My husband and I just got back from a long weekend in Montreal. After about three or so years of remarking that we were actually a closer drive to Montreal than we were to New York City (especially after we moved an additional half hour up north), we finally spent time in our closet French city.
It was also the first time I ever planned a trip entirely by myself. This was my pet project, so I was in charge of budgeting, finding/booking the hotels, and figuring out the itinerary. Some things went awry (like the part where I didn’t pack myself any socks and the one sweater I brought “just in case it got chilly” became the one thing I wore at all times because — gee — it’s fall and I’m now 4 1/2 hours northwest of an already-cold region in America), but the vacation itself went wonderfully.
We did the usual touristy stuff — we went to the Olympic Park and went up the tower and experienced the Biodome — and we lucked out in that we were in Montreal during a gorgeous Chinese lantern festival at the Botanical Garden. But we spent a good amount of time just wandering around. I had a few places on my list I wanted to see, a few streets I wanted to go down, and I walked.
Wandering around is my specialty. My favorite memories from camp don’t involve teenaged hijinx or arts & crafts, but long, wandering walks down the quiet roads. My most poignant memories from college involve getting to know my city one footstep at a time. If I had a million dollars and all the time in the world, I would spend it going around the world to wander, avoiding only the cities where I wouldn’t be able to do that safely.
It’s a wonderful way to learn the true ins and outs of a city, to understand how the neighborhoods link together. The streets become more than a step on a GPS, but an area with texture and sights and smells. There’s a moment when you wander down a new street and come out in an area you already know — a moment when things feel like they have literally and metaphorically come full circle. I have been to Manhattan at least five or six times at this point, and I feel more intimate with Montreal, if only because I spent those three days walking absolutely everywhere.
It’s safe to say I am truly in love with Montreal. There’s something about that city: the old with the new, the gritty and grimey with the stylish and sleek, the conservative with the blatant disregard for what we consider taboo. I walked from neighborhood to neighborhood, feeling like I was putting together patchwork of all the cities I have come to love over my life — how this area feels like downtown Boston, how that area feels like a neighborhood in Belfast, how this street is just like Beacon Hill and how that square is just like one in Rome — stitching them together with a steady stream of coffee from the local cafés. I got into small conversations and wondered how quickly I’d learn Spanish if I lived in a bilingual city where English was considered the second language.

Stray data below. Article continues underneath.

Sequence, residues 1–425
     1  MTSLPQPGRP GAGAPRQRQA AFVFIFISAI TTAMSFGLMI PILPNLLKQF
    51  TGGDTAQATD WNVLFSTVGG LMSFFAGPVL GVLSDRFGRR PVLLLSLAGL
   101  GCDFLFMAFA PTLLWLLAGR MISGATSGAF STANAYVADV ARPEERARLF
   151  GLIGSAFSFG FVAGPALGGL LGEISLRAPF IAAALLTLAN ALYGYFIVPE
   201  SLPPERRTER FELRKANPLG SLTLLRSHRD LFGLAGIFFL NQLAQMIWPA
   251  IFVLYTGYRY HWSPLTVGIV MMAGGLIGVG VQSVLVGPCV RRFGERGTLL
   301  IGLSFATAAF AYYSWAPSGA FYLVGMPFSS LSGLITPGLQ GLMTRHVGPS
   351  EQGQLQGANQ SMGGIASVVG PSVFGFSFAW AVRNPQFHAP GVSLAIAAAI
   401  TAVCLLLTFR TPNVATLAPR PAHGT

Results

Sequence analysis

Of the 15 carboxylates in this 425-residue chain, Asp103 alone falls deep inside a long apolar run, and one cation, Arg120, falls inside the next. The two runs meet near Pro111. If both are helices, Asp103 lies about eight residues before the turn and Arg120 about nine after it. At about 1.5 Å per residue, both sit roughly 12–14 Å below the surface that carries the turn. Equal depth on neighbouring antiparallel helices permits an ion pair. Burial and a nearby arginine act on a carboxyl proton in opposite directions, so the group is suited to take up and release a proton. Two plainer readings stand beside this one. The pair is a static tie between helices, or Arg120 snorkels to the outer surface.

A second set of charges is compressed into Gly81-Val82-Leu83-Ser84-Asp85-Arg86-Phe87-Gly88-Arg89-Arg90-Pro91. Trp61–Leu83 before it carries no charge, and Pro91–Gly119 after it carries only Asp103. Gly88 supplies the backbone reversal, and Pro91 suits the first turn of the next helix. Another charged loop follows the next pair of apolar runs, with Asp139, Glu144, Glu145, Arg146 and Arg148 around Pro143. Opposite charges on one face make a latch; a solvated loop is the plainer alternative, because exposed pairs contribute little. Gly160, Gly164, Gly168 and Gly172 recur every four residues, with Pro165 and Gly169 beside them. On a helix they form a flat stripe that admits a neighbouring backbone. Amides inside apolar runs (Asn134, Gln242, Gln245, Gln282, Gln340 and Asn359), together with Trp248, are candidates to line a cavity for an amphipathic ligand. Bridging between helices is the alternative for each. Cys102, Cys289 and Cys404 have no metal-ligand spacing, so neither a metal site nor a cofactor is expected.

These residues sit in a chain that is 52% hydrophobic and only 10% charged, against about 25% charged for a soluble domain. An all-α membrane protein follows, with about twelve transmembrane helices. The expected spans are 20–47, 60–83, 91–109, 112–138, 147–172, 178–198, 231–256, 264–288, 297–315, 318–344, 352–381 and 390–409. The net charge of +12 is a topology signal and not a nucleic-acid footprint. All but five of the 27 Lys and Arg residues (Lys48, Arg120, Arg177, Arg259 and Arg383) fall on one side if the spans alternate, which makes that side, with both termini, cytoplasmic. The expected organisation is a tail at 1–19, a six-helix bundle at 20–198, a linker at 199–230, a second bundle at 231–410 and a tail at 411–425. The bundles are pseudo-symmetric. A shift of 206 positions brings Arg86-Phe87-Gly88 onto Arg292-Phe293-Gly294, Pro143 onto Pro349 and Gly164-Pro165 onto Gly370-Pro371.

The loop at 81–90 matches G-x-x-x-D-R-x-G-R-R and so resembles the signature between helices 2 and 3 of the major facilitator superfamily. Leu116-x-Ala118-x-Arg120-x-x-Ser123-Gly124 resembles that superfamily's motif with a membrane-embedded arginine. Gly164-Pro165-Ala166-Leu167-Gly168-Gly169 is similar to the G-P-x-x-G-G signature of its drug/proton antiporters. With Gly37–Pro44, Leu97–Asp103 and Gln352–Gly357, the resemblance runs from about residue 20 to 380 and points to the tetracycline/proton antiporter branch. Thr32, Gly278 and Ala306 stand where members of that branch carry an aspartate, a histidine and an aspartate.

After driving past Tristar Gym (home to two of my favorite fighters) like a wicked creeper, we made our way to Vermont, where we stopped in Burlington, Vermont and — you guessed it — walked around, through the downtown area and around Lake Champlain.
In some ways, I have become a lot more anchored in my life. I own a house and a marriage certificate and there’s talk of expanding out our family of two cats and a coop of chickens to something a bit more substantial. But there will always be a part of me that lusts for the piece of wandering, regardless of what scale I get it. It’s the same part of me that thrives on three completely different, completely scattered jobs, instead of one steady job with a steady paycheck and concrete goals. It’s the part of me that would love to be exactly that obnoxious person on Facebook, posting a near-constant stream of location updates and snapshots of city vistas.
But it’s also the part of me that forgoes the car on a crisp August morning, even though the roads in our town in the woods can stretch on for miles with nothing in between. It’s the part of me that finds a good playlist, laces up her shoes, and makes a different set of patchwork images with the trees and the streams and the vacant ponds. It’s the part of me that goes down an unknown road in a neighborhood next to me and comes out with a smile when she realizes that she can always find her way back.